The U.S. health care system operates differently from many others in the world, characterized by high costs for the individual. In fact, it is the higher prices of medication, treatments, and hospital procedures that make the U.S. spend more on health care than any other developed country in the world, a 2019 Johns Hopkins report found.
Though expensive, the health care cost is to a large extent covered by the government. In 2019, 29.0% of all health-related spending in the U.S. was paid for by the federal government. Slightly less — 28.4% — came from households. State and local governments covered 16.1% of the total cost.
In 2018, the latest year for which state and local data is available, state governments spent $885 billion on health care, or $2,696 per person. Due to different budget priorities and needs, local government health care spending varies considerably by state.
To determine how much each state spends on your health, 24/7 Tempo reviewed the detailed health care expenditures by state governments provided by the U.S. Census Bureau’s 2018 Annual Survey of State and Local Finances. Per-capita health care spending ranges from less than $1,100 to more than $3,600.
States allocate between 17% and 39% of their total budgets to health care costs. The major categories of health spending at the state level include partial Medicaid coverage, state-run hospitals and university medical schools, and finally other health expenses and programs addressing needs such as community wellness, substance abuse, health inspection, and pollution control.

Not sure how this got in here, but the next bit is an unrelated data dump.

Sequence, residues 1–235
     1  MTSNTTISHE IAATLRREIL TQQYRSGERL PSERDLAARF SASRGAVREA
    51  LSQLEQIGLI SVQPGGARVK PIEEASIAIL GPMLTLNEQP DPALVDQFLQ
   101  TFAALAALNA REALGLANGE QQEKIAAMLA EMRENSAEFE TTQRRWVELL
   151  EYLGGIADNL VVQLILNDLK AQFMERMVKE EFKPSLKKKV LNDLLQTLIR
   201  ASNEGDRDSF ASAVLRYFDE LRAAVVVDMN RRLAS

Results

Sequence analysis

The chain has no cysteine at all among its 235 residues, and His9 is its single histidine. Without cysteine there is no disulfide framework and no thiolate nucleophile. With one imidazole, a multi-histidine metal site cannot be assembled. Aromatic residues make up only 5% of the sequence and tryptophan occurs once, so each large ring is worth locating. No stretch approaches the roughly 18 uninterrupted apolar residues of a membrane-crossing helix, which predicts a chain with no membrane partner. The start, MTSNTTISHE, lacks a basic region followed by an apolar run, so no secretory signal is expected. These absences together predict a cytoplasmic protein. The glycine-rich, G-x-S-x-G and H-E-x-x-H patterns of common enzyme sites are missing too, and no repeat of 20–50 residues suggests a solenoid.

In every state, the largest portion of overall health care spending goes towards public welfare programs. These include Medicare and Medicaid, two government-funded health insurance programs that offer coverage to the elderly, the disabled, and people with low incomes.
On a global scale, greater health care spending appears to drive up overall life expectancy. In the United States, however, the relationship between spending and health outcomes appears to be more complicated. The COVID-19 pandemic lowered the life expectancy at birth in many states — here is where life expectancy was declining even before the pandemic.
To identify how much each state spends on your health, 24/7 Tempo reviewed the detailed health care expenditures by state governments provided by the U.S. Census Bureau’s 2018 Annual Survey of State and Local Finances.
State spending on health in 2018 consists of three components: each state’s public health expenditure, hospital expenditure, and welfare payments made directly to private vendors for medical assistance and hospital and health care.
State public health expenditure includes all public health activities except provision of hospital care. Hospital expenditure includes the construction and operation of hospitals by each state government and payments to privately operated hospitals.
Per capita spending was calculated using the total of each state’s expenditure in these areas and 2019 annual estimates from the U.S. Census Bureau’s 2019 American Community Survey (ACS). The shares of the population 65 and older, those living with a disability, and those with health insurance also came from the ACS and are for 2019
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